One of my favourite things to do on Halloween is to watch trippy horror movies while high on weed. Why weed and not something else? I find that cannabis has a calming effect and makes me a little more thick-skinned in general, which means it better equips me to deal with scares.
Having characters use drugs to compound the intensity of events is just one way a movie can be trippy. Some of the best horror flicks in the last decade have also used “trippy aesthetics” or incorporated intentionally non-linear and noncohesive ways of storytelling to instill a sense of unease and add a psychological and visual edge, making the audience feel as if they’re in an altered state even if they’re sober.
Horror has had a long tradition of using these techniques. As such, this list would be far too long if we were to consider all of the genre’s trippiest offerings. Today, we will be talking only about some of the last decade’s best trippy horror movies to watch while high.
The Lighthouse (2019)
The Pothead’s Preview: Two bros… Chillin’ in a lighthouse… Which is a metaphor for a giant penis.
Director Robert Eggers first shot to fame with his 2015 offering The Witch, which may well deserve its own spot in this list. I would contend, however, that The Lighthouse is the more trippy of the two overall, with its intentionally confusing and oftentimes misleading narrative, chock-full of subtle references to mythology and Freudian imagery. The film’s rich atmosphere and thematic boldness should be appreciated by open and questioning minds, and with the help of a good toke to keep you settled and patient as the story slowly unfolds to its mad crescendo.
Also check out A Field in England (2013): Historical, haunting, hallucinogenic. Set during the English Civil War, this period piece features mushroom ingestion, the horror of nature’s sublimity and man’s terrifyingly unknowable nature.
Colour Out of Space (2019)
The Pothead’s Preview: A regular family helmed by a shouty patriarch (Nicolas Cage) gets attacked by evil colours and more shouting ensues.
This list features two Nicolas Cage films. The first of the two is this Sci-Fi Lovecraftian piece playing on the best of cosmic and body horror. Colour Out of Space features one of the most grotesque scenes of body horror I have ever seen, but the glorious supernova-esque colours of the film more than make up for that nauseating sight. Eldritch horror is not something that should be communicated using words, and so you should expect a visual feast to enjoy during your smoked-out state.
Also check out Annihilation (2018): Another science fiction horror offering presenting wacky visuals, a truly terrifying monster that has forever changed how I view bears and existential questions about humanity and the universe that are best tackled when high.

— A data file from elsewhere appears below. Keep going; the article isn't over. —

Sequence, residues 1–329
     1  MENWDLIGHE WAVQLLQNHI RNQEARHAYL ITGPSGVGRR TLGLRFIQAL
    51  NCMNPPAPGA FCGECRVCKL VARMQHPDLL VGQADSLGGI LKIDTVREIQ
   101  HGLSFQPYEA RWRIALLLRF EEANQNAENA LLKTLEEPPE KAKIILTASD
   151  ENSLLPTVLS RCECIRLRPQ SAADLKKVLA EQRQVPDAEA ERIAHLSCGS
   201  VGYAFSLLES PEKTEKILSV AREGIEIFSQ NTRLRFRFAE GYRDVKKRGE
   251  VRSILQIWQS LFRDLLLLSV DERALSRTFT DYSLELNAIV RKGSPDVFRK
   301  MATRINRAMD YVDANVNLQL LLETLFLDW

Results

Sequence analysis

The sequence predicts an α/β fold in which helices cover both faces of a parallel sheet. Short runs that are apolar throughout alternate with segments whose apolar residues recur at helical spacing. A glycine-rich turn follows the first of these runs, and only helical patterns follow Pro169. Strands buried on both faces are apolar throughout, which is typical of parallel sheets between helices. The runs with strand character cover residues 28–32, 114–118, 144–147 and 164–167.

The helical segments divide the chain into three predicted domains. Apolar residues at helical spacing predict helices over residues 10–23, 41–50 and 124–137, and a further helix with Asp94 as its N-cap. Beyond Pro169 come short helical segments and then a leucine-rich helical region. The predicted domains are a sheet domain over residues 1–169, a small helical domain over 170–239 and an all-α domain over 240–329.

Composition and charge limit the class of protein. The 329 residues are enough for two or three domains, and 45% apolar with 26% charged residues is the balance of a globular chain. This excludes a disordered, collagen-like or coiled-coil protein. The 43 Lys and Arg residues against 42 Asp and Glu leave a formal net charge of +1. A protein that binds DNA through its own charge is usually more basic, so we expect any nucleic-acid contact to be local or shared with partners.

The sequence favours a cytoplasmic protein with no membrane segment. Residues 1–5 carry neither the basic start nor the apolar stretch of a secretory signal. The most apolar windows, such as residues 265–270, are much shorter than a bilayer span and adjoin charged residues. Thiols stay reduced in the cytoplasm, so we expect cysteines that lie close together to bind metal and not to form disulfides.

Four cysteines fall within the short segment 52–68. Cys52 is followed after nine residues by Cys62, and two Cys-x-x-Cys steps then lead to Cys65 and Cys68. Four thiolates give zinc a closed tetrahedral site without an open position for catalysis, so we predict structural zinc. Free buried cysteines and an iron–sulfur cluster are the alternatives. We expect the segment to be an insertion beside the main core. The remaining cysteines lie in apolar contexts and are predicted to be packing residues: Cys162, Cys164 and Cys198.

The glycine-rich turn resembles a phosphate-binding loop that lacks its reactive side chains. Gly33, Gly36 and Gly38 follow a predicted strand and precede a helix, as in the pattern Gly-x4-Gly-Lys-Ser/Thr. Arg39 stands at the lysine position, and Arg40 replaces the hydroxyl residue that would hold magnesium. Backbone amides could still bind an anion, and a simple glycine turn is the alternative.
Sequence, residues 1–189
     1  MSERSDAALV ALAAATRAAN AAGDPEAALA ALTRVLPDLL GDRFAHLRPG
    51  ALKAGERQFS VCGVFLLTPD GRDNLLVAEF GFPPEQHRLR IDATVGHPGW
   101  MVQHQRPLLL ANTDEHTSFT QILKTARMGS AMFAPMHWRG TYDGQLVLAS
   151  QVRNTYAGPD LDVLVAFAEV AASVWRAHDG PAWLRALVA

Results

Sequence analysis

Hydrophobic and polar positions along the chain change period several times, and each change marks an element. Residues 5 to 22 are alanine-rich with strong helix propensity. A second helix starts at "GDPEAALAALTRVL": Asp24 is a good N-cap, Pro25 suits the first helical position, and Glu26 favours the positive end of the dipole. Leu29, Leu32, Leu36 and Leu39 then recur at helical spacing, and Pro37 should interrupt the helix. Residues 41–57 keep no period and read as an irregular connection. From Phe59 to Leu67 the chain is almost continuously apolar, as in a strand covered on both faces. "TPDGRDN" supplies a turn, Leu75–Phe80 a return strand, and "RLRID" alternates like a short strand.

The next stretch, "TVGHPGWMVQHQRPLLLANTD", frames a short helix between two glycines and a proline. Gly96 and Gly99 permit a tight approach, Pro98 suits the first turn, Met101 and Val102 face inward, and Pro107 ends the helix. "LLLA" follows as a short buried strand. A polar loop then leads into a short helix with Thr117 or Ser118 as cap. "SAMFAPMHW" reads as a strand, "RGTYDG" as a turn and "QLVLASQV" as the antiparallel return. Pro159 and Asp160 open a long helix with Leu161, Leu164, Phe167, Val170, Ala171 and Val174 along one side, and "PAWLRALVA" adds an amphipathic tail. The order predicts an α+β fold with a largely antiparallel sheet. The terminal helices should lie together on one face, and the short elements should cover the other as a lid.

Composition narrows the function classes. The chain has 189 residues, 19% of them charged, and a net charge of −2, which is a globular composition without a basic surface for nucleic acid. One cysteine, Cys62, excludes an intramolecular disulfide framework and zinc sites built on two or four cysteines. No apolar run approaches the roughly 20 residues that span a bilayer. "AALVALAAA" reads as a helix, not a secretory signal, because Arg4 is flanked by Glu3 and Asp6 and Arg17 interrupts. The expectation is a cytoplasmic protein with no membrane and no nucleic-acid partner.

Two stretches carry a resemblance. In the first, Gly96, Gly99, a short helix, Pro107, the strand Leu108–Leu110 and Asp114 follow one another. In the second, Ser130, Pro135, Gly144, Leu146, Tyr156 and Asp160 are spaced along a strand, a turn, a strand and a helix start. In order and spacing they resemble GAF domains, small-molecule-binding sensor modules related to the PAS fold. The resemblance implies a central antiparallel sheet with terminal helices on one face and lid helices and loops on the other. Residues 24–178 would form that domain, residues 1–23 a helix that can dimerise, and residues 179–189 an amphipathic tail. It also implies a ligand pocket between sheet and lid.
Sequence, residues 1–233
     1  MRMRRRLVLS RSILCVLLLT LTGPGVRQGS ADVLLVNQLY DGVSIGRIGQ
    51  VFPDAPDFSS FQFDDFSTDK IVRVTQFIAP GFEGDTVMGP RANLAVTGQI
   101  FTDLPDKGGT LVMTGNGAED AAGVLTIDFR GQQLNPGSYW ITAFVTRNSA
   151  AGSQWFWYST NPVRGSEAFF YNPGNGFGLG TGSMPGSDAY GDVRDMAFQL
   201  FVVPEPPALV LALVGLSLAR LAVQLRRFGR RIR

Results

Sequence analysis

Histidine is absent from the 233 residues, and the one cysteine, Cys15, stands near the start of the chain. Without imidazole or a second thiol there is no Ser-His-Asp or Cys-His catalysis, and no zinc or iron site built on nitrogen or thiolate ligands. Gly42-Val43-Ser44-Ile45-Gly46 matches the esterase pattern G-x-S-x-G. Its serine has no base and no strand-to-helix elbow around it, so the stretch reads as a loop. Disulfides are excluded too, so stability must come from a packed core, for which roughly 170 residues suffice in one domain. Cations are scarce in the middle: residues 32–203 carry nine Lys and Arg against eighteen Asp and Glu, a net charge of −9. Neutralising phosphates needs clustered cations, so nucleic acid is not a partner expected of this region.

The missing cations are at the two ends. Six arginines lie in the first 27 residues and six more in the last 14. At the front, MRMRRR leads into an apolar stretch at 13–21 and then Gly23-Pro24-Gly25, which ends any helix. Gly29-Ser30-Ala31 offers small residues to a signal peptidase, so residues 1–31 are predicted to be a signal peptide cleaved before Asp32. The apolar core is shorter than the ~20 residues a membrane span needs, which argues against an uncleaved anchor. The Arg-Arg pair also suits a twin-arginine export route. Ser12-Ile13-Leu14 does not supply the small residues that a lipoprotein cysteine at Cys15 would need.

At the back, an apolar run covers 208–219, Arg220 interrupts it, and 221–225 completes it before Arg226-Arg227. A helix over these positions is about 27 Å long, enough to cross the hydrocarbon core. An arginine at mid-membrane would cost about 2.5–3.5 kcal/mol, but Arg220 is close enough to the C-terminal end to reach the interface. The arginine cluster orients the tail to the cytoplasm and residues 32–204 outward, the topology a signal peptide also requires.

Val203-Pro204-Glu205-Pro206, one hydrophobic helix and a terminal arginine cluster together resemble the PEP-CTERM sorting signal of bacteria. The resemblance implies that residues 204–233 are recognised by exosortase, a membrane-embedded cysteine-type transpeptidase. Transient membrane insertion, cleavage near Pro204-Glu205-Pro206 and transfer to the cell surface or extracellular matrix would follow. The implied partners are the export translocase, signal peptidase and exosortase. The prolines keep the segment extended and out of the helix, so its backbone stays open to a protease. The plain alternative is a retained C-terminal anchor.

The Pothead’s Preview: Taking revenge on a creepy cult that kidnapped your girlfriend but make it ~aesthetic~. Nicolas Cage does not shout much in this one.
Dubbed a “psychedelic horror adventure“, Mandy is a visual treat that fully embodies not only the aesthetic but the experience of tripping. One of the foundational staples of being high is the sense that you are entering a new world for the first time, and Mandy achieves this using its stunning visuals despite a rather straightforward story. Every scene in Mandy is coloured with a perspective-altering psychedelic filter, but not just in the literal sense that it looks like a trip—filmmaker Panos Cosmatos artfully weaves a story using very little dialogue, allowing atmosphere and inference to do the heavy lifting, not unlike a psychedelic trip itself wherein visual experiences do all the talking.
Also check out Under the Skin (2013): Sexy but scary, this film is a slow burn with a heady sense of gloom hanging over it throughout, with arresting yet unnerving visuals spliced in to keep your senses on edge.
The Pothead’s Preview: A devastated woman visits a rural Scandinavian commune where their flesh scarecrow and menstruation tea-making shenanigans help her realize how much of a dick her boyfriend is.
No list about trippy horror movies is complete without Midsommar, a folk horror future classic that features not one, but two tripping scenes. This film is unique in this list for its explicit inclusion of drugs as part of the plot and not just an aesthetic. The tripping is so well-executed and relatable, and the movie itself is so strikingly unnerving that I felt a genuine sense of alteredness while watching those scenes. The good news too is that the drugs are never treated as the reason for the protagonist’s horror. Rather, it is simply a thing that exists, which may or may not enhance an existing state, and can possibly lead to new emotional revelations. So, just like real life.
Also check out The Love Witch (2016): A unique and highly stylistic film with an unforgettable retro aesthetic, The Love Witch is gorgeously styled and filmed, with an almost whimsical premise. It is a fun and thrilling ride but also a serious meditation on contemporary social issues.
Most of these films are more disturbing and unnerving than they are downright scary. In fact, I count maybe four jump-scares among all of them. Indeed, horror films that can be appreciated high are not usually the scariest, but rather they tend to be more visually bombastic and thematically inventive.
Now that you have some solid suggestions for trippy horror movies to watch while high, you can get that movie night Halloween gathering to go. Make sure you’ve got your popcorn and other stoner-favourite late-night snacks ready for when the munchies hit!